2. Connect special places downtown with enhanced street designs... to create an inviting and memorable route through downtown.
3. ... Improve connections between downtown and nearby nature areas.

IX. Getting Around Downtown
2. Promote and support alternative modes and accessibility through strategic planning and public investment.
3. Enhance functional designs for streets, sidewalks and related public improvements with carefully chosen design elements, including materials, alignments, plantings, and streetscape elements.

Regarding the Urban Renewal Agency Supplemental Budget #2

• The URA Supplemental Budget request was presented at the very last moment, in a form that would be indecipherable to general members of the voting public. That is not good governance.

• Urban renewal district funds are not an unlimited source of money: We need to think clearly and document our thinking (what would be left; what other priorities are being passed over or precluded) before we spend it.

• If urban renewal funds are squandered we won't get them back.

• Urban renewal funds should be spent on projects that benefit the public interest, not a single private business or developer.

• We should be reserving urban renewal funds in case they are needed to renovate and/or replace City Hall.

• Urban renewal money is expensive: We gave up money for schools, public safety, street repairs and other essential services to get it, so it should be spent wisely.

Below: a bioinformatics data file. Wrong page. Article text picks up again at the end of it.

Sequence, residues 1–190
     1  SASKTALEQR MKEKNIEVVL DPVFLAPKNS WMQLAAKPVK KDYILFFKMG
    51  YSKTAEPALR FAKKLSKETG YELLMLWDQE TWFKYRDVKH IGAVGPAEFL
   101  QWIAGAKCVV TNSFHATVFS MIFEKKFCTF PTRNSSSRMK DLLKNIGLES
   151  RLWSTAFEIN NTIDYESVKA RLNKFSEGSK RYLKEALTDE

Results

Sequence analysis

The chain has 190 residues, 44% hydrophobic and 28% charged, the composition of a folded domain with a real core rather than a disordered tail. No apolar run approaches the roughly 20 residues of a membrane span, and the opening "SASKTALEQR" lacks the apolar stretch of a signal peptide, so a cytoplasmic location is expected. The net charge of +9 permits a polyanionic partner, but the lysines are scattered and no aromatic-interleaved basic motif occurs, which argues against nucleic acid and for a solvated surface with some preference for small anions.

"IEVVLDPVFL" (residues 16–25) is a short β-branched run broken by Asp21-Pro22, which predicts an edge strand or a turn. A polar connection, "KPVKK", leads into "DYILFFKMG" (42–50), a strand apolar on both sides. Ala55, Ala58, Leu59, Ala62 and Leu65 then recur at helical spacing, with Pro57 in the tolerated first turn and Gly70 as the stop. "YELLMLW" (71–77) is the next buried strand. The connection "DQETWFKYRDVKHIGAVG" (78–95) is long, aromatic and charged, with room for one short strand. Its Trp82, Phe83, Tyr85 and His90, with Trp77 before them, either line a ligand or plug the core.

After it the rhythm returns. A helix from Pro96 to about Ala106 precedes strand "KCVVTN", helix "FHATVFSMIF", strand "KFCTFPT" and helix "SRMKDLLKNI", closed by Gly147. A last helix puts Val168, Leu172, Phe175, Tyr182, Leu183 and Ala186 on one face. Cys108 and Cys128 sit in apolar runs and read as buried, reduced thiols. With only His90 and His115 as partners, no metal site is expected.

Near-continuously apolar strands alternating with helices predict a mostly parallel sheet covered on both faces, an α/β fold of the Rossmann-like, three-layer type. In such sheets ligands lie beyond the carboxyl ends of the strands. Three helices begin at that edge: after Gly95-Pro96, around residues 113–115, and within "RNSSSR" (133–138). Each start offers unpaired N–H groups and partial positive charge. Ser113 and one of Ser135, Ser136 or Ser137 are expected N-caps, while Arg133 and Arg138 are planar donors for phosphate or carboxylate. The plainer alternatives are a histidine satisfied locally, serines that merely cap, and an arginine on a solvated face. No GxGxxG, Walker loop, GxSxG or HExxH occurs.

• Are funds proposed to be mixed between two different urban renewal districts? If not, how? If so, what are the procedures necessary an appropriate to document and approve such a transfer?

• EWEB has decided to move its operations away from the riverfront, and so is still planning to sell their riverfront property. Riparian Area Funds should not be diverted at this time, but rather, the city should retain the funds for their alloted purpose and should work actively to secure that vital area of Willamette river bank.

• No basis has been documented for the urgency in the funding needs that would allow proper authorization of a supplemental budget request.

Regarding the City of Eugene Supplemental Budget #2

• One-time money, such as the PERS settlement, needs to be spent wisely based on careful public deliberation. Let’s not rush to spend it outside the annual budget process.

• We have $100 million street repair backlog and we are buying another garage?

• We have over $100 million in listed park projects, most unfunded, and we would use City money to build an unneeded garage?

• No basis has been documented for the urgency in the funding needs that would allow proper authorization of a supplemental budget request.

• Stormwater funds - collected from ratepayers for infrastructure, such as acquisition and protection of threatened streams and wetlands - should not be used to subsidize project utility work, especially not for new development, which by City policy should carry its own costs.

• The City of Eugene Supplemental Budget request was presented at the very last moment, in a form that would be indecipherable to general members of the voting public. That is not good governance.

Non-Bid Contract for East Broadway Garage

• A no-bid contract is not proper for this project under state purchasing law (ORS 279C.335).

• The City’s findings do not support the minimum criteria to allow an exemption under state purchasing law (ORS 279C.335) from the normal public bidding process: